Science fiction is a techno-scientific literary genre. It deals with the future from the point of view of scientific plausibility: even when scifi deals with time travel and interstellar travel, it is supposed to be at least slightly plausible. Fantasy, its close cousin, on the opposite assumes the scientific insufficiency of many events, ranging from an army of gods or trolls to living trees or talking stones. From this point of view, these two genres are irremediably separated.

Ursula Le Guin and Donnay Haraway are two eminent personalities in literature and scientific studies who tell another story. Both are “writer of the night“, to quote Le Guen and are telling us more about our fears and passion than about the future world. They have made assumptions about what’s relevant and what’s not, what needs to be stable over time, and what’s supposed to be changed, says Donnay Haraway.

From this point of view, science fiction, fantasy, but also ordinary science, must be able to support and disseminate tacit visions concerning the future and the capacity of humanity to transform it. Recent debates about the so-called age of the Anthropocene perfectly illustrates it. This now popular concept expresses fears about the impact of human kind  on the Earth, but also sees the world and new solutions, through the prism of human domination, leaving no room for another interspecific dialogue. Here again, the way you build the world, the way you define the future, even in a dystopian way, define your ability to act.

We hypothesize that dystopia favors reflection on the limitation of our current activities, but at the same time does not really speculate based on solutions that would be impossible or illogical. Left-wing writers and critical analysts often use this argument to deconstruct green washing by explaining that “it’s easier to imagine the zombie Apocalypse than to imagine the end of capitalism” (Zara Zimbardo). As the French specialist Yannick Rumpala recently demonstrated in his book “Hors des décombres du monde“, science-fiction dystopia on ecological mistakes is structured along a few narratives only. Put it differently, it seems that dystopia is as conservative as utopia is.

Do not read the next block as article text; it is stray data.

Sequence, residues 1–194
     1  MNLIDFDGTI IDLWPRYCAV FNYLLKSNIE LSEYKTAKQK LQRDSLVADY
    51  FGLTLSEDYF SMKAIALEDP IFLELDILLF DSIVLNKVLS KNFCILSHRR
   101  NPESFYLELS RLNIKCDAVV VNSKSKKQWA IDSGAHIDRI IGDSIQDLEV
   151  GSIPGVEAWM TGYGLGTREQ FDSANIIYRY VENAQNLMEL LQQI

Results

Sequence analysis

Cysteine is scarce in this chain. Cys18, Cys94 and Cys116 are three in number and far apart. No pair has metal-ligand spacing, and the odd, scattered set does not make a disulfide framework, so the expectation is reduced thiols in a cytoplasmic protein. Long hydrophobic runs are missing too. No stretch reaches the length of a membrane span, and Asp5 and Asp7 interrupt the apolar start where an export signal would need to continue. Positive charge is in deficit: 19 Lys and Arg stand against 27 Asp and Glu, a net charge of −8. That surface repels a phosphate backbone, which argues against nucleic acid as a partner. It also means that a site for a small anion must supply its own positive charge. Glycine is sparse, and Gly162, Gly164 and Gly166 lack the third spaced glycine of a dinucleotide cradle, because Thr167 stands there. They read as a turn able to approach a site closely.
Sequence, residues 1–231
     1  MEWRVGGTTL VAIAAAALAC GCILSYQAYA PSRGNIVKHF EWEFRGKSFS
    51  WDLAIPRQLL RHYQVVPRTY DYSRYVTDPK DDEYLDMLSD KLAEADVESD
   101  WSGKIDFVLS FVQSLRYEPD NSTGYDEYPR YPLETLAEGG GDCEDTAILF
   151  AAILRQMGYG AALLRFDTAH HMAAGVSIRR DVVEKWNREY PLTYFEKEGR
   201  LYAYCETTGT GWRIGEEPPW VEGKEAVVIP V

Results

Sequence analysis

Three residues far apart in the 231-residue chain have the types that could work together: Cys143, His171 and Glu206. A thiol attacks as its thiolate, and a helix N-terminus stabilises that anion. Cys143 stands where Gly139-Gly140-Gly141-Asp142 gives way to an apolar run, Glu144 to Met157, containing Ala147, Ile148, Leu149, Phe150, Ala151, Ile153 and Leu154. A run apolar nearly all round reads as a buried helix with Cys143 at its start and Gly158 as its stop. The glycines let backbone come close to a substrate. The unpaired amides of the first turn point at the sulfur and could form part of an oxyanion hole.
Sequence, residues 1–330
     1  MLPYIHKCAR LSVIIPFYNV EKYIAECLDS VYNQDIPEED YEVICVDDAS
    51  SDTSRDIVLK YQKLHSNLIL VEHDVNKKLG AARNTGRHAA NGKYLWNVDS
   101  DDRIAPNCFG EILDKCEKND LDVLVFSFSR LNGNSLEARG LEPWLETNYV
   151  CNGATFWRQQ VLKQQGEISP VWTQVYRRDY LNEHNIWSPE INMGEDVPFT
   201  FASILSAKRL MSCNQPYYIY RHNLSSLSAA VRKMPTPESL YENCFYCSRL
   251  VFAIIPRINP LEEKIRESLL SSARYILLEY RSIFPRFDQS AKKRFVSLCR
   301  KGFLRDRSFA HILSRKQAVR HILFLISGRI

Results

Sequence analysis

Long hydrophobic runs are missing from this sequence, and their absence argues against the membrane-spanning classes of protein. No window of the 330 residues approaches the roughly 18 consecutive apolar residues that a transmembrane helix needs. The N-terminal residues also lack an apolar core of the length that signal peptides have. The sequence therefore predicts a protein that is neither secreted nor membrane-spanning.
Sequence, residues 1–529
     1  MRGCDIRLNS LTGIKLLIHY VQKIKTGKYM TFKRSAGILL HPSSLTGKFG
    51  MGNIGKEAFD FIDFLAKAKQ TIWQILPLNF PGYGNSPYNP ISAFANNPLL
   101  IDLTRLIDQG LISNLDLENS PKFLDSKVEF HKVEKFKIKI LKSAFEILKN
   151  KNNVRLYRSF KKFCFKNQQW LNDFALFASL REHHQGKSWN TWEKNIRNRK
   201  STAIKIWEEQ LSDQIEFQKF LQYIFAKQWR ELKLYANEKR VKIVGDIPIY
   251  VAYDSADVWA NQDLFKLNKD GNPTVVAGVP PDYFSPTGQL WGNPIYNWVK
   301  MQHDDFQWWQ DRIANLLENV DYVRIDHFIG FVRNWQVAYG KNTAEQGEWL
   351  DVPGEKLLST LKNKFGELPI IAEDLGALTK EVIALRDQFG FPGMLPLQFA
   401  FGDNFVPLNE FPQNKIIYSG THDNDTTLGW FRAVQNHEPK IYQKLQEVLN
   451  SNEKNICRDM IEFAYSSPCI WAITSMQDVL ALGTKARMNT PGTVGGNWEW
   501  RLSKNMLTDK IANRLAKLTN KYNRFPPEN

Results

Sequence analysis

On the other hand, some authors manage to propose interesting alternatives. Ludovic Debeurme is a French comic book creator who offers an interesting combination of fiction and fantasy that could shake the conformism of dystopia to encourage us to think more deeply. In his series on progress called Epiphania, he assumes that some meteors hit the Earth and that event has literally sown babies in the soil. These babies are mixed living things : half human, half animal, with a development that is much faster than the “real” man.

New epiphanian inborn

Debeurme then tries to imagine how these two species could coexist in our current society. While some issues are quite common – such as racial discrimination of epiphanes by other human beings, their solidarity or the difficult relationship between an adopted child and his father – others are highlighted in interesting ways. As an example, how can we speculate about the possibility of improving the human / animal body not by techno-simulation, but on the basis of its own diversity (made of violence, sensory abilities, etc.)?

In fact, the book assumes that technology inhibits the body’s development of epiphanes, which is only possible if we assume the fantastic side of the story. The relationships between man and epiphanes are sometimes complex (for example concerning the question of adolescence, the body change, the role and the power of the “physical anomaly” etc.), in order to underline all the challenges of building a new relationship between the human beings and  “mother earth” (quite literally Mother Earth, since in fact epiphanes are born from the soil).

Physical violence at the heart of social relations

All this just to hypothesize that, in order to create a world that goes beyond our own tendencies to see dystopia only in a limited techno-scientific way, we might have to accept a truly fantastic hypothesis.